Also piece #4 remained of course bound to Radu Lupu’s personal style. The music appeared dreamy, flowing cautiously, careful also in the accents in the left hand. I sensed agogics primarily in the multi-bar phrases. Lupu’s keyboard touch remained delicate, cautious—he rather risked omitting notes than a single note that might stand out, possibly destroying the harmony and the flow.

Moment musical No.5: Allegro vivace (F minor)

Here at last, the pianist was more resolute, showed more grip—but still, the music remained thoughtful, restrained in the ff, secondary voices always got proper attention and weight. Yet, despite the vivace aspect, the mood, the spirit appeared broken.

Moment musical No.6: Allegretto (A♭ major)

In the last piece, Radu Lupu very much returned into his “introspective mode”, softening accents with arpeggios. Such (hinted) highlights remained momentary, as the pianist instantly returned to the basic, restrained atmosphere.


Schubert: Sonata in A minor, op.143, D.784

Franz Schubert (1797 – 1828) composed his Sonata in A minor, op.143, D.784, in February 1823—it was suggested that this somber, dark sonata is a response to his illness the year before. There are three movements:

  1. Allegro giusto (4/4)
  2. Andante (2/2)
  3. Allegro vivace (3/4)

The sonata appeared in print 1839, long after the composer’s death. The opus number was assigned by the publisher.

The Performance

This sonata has been described as “profound and sometimes almost obsessively tragic”. In Radu Lupu’s hands, this sonata was certainly profound, but not really expressing rebellion against his physical ailments or fighting against fate, nor really anger or obsessive, violent raging—quite a contrast to other interpretations. Lupu’s interpretation was definitely mature, but eruptions rather appeared as reminiscences from a rebelling past, many years back. The music sounded broken (in spirit), with softened dynamics.

I. Allegro giusto

The most violent moments were in the development part of the first movement. But this was merely momentary, as the music soon fell back into hesitant calando, as if it was to die off. I found the strength of Lupu’s interpretation to be in the soft segments, where he seemed to listen into the music’s undercurrents, especially around the Coda.

II. Andante

The movement is in split time. As such, the beginning was hardly Andante (rather Adagio)—the tempo annotation only made sense in the latter part (starting around bar 19), which really is in 4/4, or rather 12/8 time, with its quaver triplets. A serene movement, glowing in warm reminiscences!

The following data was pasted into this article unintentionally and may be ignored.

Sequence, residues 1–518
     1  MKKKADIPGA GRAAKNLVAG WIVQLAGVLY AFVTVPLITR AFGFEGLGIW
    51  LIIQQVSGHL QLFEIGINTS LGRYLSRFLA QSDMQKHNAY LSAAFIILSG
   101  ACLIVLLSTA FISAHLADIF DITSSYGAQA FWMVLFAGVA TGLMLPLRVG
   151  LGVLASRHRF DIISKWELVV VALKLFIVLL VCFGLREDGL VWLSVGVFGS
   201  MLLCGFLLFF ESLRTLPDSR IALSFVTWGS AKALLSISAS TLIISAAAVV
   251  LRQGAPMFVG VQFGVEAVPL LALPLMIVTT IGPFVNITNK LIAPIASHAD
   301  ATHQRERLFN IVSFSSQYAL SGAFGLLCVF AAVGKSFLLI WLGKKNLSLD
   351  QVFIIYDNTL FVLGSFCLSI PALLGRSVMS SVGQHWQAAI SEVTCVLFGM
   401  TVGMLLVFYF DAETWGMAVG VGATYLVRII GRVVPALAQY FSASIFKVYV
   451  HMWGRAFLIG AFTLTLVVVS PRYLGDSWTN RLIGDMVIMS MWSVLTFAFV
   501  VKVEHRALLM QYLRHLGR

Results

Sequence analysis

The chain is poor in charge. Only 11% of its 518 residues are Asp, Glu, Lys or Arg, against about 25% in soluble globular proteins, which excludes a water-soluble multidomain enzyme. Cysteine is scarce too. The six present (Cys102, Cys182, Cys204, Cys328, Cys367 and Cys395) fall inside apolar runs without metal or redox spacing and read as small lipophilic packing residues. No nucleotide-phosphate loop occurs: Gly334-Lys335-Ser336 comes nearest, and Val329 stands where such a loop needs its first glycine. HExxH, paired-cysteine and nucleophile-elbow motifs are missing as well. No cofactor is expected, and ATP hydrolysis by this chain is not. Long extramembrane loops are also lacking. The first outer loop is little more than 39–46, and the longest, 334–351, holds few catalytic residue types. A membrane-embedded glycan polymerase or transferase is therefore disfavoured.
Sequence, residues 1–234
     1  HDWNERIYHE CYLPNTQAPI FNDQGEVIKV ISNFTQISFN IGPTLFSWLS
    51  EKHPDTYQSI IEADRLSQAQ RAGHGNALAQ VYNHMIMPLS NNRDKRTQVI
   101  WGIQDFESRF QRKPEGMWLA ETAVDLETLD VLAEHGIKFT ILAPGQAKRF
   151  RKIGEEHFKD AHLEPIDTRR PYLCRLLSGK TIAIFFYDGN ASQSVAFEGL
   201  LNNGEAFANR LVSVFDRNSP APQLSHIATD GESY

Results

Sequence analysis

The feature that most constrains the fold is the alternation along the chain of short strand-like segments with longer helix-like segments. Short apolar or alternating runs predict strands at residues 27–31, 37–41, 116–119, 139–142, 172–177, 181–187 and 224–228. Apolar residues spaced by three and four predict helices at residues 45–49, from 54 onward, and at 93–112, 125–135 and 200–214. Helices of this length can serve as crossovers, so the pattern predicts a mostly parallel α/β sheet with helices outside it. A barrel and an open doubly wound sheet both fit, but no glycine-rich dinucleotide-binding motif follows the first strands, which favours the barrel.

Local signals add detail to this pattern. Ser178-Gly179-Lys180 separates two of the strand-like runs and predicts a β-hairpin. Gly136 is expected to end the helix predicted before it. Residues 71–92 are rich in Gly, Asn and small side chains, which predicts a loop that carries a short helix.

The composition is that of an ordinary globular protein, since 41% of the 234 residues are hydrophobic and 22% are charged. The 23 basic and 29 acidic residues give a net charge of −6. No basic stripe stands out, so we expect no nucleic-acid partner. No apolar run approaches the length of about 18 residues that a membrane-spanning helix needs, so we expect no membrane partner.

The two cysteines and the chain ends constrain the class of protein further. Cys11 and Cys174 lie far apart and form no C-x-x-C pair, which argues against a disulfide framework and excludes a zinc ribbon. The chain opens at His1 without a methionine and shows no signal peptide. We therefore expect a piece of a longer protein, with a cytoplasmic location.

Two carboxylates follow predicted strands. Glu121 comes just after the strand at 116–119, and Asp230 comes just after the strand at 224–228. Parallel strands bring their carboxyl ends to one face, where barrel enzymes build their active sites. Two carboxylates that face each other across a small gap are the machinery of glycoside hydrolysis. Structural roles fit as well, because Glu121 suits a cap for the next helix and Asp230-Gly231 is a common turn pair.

III. Allegro vivace

In the very first bars, where hands of the pianist appear in a lively interchange of ascending and descending triplet figures, this movement seemed to remind of sonatas by Domenico Scarlatti (1685 – 1757) in its clarity, the agile playing. However, that of course did not last, as Schubert disrupted the harmonious playing with dissonances, turning towards a more earnest, almost violent mood. And the ending approached a violent protest, with almost (relatively) furious sforzati.

Not everything was perfect in this performance. One could see that the artist was nearing his technical limits, there were occasional superficialities, one or the other missed key. However, perfection was not the goal here. It was still very impressive in its own way.

Would I recommend this as a recording? Yes, I definitely do—but I would also strongly advise not to keep or acquire this as the only recording—see also below.


Schubert: Sonata in A major, D.959

The Sonata in A major, D.959 is the middle one in the triad of Schubert’s final three piano sonatas (C minor, D.958; A major, D.959; B♭ major, D.960), all three are major masterworks. The A major sonata comes in four movements:

  1. Allegro (4/4)
  2. Andantino (3/8)
  3. Scherzo: Allegro vivace (3/4) — Trio: Un poco più lento (3/4)
  4. Rondo: Allegretto (4/4) – Presto

The Performance

As expected, this sonata followed the path of the previous one: predominantly restrained, rhythmically and dynamically softened gestures. Not so much short-term eruptions, but the big phrases and gestures. No rage, no despair, rather reflexion and reminiscence:

I. Allegro

The first thing that struck me was that the bass “echo” of the opening chords virtually disappeared in the decaying resonances from the f / fz right-hand chords. The latter stay throughout the bar—but the two bass notes (crotchets) at least have marcato marks. I’m sure this was an intended feature. The subsequent triplet sequences appeared very carefully played, reflected. The staccato quavers in the closing phrase of the exposition seemed as much prudent as the quaver triplets. Despite the length of the sonata, Radu Lupu repeated the exposition—just as he already observed every single repetition mark in the preceding works: very much appreciated! The second pass of the exposition appeared slightly milder, maybe also slightly clearer, lucid than the first one.